As well as being a freelance etc, I work in school - so here's one view from
the other side...
Risk assessments - total nightmare, even for trips to the local swimming
pool. And every child with a statmented special need has to have their own
risk assessment (I know - I'm currently working with a statemented Y6
Cost - you can't tell parents that they HAVE to pay for the trip. It has to
be a voluntary contribution - some parents won't pay. Add the travel costs
to any admission/activity charges and if it's a secondary school, the cost
of supply teacher cover for the members of staff on the trip and it does get
expensive. With schools being responsible for their own budgets they may be
choosing to spend it on e.g. extra sport, classroom support etc.
Preparation time - I agree, any changes to the curriculum mean you are faced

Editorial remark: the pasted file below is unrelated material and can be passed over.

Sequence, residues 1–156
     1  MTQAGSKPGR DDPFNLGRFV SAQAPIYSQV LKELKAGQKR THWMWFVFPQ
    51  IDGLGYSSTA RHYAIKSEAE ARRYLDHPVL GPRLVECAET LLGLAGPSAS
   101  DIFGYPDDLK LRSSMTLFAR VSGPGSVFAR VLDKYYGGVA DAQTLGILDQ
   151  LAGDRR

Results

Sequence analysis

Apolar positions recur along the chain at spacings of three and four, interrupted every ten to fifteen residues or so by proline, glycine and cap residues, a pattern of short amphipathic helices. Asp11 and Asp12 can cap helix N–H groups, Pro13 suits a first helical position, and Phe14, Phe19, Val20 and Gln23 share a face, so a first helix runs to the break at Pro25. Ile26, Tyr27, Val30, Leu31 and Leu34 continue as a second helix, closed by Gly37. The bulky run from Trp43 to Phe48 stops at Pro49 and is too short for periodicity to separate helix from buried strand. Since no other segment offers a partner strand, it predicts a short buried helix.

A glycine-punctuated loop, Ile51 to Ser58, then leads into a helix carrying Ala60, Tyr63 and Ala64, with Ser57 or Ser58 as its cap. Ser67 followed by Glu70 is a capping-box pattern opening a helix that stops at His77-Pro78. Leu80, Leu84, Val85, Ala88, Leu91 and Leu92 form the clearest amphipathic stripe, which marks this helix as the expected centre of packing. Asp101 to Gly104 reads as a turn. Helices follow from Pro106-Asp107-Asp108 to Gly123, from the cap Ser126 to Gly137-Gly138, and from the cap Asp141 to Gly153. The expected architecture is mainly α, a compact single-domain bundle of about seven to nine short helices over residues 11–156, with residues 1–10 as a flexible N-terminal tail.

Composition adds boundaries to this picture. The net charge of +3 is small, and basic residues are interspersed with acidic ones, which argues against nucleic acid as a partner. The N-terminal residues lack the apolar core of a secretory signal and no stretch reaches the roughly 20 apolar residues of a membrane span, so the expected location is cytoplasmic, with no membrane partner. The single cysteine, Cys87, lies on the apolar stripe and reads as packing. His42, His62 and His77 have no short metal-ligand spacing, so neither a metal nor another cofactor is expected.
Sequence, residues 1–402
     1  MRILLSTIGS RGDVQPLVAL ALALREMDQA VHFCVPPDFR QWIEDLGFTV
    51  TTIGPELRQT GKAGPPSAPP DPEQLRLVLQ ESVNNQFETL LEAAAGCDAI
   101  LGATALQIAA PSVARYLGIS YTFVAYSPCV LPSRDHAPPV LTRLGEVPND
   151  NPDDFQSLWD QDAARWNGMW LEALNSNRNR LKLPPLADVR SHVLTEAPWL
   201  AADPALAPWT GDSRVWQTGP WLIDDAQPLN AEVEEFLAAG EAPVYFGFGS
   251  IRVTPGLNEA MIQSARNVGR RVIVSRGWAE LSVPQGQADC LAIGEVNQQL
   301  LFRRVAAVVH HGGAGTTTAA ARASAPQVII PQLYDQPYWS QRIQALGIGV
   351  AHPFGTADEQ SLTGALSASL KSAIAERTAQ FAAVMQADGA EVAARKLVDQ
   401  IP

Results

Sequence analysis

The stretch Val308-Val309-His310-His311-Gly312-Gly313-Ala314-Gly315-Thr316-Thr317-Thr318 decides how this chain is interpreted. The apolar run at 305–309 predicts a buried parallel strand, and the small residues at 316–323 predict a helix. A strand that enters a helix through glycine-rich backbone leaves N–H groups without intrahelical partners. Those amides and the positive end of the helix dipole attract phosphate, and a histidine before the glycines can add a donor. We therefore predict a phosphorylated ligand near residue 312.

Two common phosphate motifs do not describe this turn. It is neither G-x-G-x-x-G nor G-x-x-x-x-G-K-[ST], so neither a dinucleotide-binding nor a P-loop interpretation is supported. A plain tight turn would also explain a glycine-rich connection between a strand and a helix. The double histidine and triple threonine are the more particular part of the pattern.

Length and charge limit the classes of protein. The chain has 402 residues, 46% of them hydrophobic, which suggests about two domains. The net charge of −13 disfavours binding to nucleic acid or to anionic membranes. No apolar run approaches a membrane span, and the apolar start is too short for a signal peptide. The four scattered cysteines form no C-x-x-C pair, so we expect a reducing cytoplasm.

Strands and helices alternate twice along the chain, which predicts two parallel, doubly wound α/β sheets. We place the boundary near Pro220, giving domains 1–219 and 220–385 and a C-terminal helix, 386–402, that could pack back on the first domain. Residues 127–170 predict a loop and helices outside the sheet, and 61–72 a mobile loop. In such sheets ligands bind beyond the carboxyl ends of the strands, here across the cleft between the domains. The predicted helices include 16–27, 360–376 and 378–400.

with hours of re-planning and re-writing schemes of work. Most teachers
won't have the spare time or energy to do a great deal before a visit.
While museums and galleries can't solve the cost problem I've found from
experience that those who have good risk assessment/planning paperwork in
place and used are the best to visit with a school group. Also as much help
as possible fitting the activities into the curriculum with well thought out
and structured sessions lead by museum staff. Here I would like to give a
mention to the education staff at Gloucester cathedral who have an excellent
day based on medieval pilgrimage.
Finally - it really does all depend on the level of enthusiasm of the
teachers and some schools do manage to get out more
I promise not to mention headlice in replica hats to anyone in my LEA!